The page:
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Throne project reducing falls in Colchester’s hospitals’ toilets gets national recognition

Falls prevention nurse Carrie Tyler assesses a Throne Project approved toilet in Easthorpe Ward in the Gainsborough Wing at Colchester General Hospital. The pull cord includes a handle at the end so that it can be used if a patient collapses and is on the floor.

Falls prevention nurse Carrie Tyler assesses a Throne Project approved toilet in Easthorpe Ward in the Gainsborough Wing at Colchester General Hospital. The pull cord includes a handle at the end so that it can be used if a patient collapses and is on the floor.

Archant

A nurse from Colchester has been invited to speak at a national conference about a scheme to reduce falls in hospital toilets.

Falls prevention nurse Carrie Tyler, along with occupational therapists Sarah Marsden and Laura Murton, introduced the Throne Project throughout the Colchester Hospital University NHS Foundation Trust (CHUFT).

Almost one in five of falls at CHUFT occurred in bathrooms, but since the project’s introduction in May 2013 the number has declined.

The main cause of falls were not slips or trips but patients being weak or dehydrated, having poor balance or low blood pressure.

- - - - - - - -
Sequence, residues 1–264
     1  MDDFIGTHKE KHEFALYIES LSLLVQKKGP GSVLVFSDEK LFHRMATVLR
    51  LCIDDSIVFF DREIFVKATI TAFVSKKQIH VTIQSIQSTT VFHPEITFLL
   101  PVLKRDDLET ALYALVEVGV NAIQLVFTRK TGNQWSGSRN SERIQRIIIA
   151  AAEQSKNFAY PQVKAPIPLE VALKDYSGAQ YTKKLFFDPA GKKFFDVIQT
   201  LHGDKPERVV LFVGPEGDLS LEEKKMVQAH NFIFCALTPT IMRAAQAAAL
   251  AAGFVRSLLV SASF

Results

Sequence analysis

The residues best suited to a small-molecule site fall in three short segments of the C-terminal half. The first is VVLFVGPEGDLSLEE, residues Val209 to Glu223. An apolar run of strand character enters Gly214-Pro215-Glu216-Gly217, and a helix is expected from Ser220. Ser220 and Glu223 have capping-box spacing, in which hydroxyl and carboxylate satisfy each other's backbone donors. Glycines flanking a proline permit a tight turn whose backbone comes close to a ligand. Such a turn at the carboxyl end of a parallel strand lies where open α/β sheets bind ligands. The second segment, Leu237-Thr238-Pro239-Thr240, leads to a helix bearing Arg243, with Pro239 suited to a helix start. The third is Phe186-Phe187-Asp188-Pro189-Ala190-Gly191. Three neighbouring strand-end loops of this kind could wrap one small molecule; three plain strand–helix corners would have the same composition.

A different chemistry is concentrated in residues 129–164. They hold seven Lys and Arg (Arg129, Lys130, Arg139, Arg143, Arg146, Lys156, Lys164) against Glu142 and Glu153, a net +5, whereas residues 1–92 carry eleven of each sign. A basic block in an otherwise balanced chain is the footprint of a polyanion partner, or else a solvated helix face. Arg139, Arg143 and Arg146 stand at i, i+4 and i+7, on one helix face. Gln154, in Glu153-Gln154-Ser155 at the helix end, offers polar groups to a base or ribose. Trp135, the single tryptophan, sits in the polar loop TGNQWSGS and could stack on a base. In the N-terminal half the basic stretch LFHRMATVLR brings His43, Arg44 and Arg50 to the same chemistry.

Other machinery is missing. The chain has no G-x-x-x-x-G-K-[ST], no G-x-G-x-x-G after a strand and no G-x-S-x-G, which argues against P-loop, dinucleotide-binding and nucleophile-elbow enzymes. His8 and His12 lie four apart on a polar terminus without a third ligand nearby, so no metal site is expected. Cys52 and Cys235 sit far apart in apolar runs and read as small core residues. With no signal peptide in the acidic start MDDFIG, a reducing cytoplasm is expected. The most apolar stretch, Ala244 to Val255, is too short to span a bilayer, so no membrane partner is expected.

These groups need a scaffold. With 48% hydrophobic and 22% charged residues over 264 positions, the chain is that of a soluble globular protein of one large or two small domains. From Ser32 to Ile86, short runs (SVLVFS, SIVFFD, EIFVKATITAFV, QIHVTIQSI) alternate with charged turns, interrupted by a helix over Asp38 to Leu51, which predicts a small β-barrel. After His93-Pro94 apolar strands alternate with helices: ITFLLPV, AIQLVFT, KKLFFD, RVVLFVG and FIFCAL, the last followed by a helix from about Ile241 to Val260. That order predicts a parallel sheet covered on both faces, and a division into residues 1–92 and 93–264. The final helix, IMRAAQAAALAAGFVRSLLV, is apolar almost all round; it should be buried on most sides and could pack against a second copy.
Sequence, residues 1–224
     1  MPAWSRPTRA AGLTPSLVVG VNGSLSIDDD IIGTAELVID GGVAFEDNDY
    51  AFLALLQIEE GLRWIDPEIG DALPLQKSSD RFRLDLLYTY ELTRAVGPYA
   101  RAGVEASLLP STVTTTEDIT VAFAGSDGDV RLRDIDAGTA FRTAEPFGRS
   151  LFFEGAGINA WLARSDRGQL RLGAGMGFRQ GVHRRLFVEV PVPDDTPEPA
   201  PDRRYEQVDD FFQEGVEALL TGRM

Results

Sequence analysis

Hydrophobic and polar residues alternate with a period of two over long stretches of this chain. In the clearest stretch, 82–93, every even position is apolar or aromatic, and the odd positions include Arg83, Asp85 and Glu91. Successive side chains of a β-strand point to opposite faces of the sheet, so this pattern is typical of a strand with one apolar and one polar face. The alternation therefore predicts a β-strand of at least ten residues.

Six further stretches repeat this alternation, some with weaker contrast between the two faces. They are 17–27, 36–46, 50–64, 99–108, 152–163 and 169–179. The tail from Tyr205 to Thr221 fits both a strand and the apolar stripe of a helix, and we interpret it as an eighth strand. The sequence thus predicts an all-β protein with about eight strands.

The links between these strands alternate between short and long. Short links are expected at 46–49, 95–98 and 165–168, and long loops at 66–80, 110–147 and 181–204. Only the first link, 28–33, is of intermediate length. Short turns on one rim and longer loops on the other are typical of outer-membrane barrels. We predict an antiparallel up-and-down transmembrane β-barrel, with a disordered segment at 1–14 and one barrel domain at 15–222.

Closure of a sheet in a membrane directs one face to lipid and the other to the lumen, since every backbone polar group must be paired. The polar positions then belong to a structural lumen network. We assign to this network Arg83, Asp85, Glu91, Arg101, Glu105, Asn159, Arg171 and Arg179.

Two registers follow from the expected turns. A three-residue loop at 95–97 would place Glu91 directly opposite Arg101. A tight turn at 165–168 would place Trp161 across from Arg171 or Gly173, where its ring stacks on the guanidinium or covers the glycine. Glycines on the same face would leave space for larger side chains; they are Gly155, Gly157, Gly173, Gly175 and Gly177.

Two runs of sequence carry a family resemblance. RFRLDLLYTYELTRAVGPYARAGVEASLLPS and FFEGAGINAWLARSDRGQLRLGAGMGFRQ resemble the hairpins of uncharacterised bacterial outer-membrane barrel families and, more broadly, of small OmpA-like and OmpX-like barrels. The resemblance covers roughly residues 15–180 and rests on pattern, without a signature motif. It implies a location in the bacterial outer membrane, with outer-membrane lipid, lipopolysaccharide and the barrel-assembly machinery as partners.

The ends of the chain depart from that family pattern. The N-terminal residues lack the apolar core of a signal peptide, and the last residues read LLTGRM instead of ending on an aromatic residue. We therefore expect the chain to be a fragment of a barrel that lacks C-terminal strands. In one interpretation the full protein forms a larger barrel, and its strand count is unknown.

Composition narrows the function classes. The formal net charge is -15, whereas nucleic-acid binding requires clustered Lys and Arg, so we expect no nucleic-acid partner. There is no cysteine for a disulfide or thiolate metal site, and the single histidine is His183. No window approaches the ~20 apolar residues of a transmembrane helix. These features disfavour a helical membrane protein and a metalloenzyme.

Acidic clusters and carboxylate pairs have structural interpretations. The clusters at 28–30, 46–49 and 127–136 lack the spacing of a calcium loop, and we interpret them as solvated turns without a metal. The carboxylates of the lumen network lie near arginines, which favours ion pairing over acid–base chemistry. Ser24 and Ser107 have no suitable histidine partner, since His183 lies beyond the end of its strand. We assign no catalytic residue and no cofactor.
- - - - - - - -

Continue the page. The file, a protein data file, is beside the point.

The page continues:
As well as introducing constant medical reviews, the toilets were improved including with sensor lighting, updated emergency pull cords, special alarms so staff know when a patient has stood up when they have finished using the toilet and more hand rails.

Mrs Tyler has been invited to give a 30 minute presentation to the Falls Prevention & Management in Older People national conference in London next month.

She said: “I am really proud a project that began as a local initiative here in Colchester is being recognised nationwide as a way to reduce falls in toilets and bathrooms and the level of harm they cause.

“The Colchester Throne Project has already been initiated in hospitals in Essex, London, the West Midlands and the North East of England.”

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